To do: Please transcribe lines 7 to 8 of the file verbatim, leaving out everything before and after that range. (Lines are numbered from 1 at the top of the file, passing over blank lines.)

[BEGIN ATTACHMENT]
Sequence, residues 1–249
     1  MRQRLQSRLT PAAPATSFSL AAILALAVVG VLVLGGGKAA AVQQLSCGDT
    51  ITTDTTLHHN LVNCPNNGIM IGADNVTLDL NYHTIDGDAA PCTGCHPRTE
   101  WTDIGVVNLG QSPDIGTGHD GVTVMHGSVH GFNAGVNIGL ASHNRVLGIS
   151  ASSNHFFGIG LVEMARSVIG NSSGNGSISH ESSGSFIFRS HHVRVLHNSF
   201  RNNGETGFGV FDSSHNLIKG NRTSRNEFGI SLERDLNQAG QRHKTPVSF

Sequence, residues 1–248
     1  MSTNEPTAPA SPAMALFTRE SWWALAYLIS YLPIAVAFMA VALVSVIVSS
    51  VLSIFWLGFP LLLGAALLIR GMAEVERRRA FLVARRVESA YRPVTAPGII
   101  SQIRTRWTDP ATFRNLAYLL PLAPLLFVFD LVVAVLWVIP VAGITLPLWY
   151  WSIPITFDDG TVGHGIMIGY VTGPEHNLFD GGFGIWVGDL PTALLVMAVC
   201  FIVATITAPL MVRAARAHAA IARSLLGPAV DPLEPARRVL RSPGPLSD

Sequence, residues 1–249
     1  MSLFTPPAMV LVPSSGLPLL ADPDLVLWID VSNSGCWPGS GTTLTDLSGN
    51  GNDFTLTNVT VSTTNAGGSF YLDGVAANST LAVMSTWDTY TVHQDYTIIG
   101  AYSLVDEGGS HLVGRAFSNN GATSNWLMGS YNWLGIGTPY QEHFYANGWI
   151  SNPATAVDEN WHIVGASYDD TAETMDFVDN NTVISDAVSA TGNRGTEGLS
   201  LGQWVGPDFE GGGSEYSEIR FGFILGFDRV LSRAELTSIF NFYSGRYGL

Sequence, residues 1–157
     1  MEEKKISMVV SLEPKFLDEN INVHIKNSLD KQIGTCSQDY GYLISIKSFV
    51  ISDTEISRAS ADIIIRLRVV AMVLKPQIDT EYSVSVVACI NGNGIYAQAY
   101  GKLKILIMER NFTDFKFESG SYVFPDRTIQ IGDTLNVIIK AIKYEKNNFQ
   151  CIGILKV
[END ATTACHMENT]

Sequence, residues 1–248
     1  MSTNEPTAPA SPAMALFTRE SWWALAYLIS YLPIAVAFMA VALVSVIVSS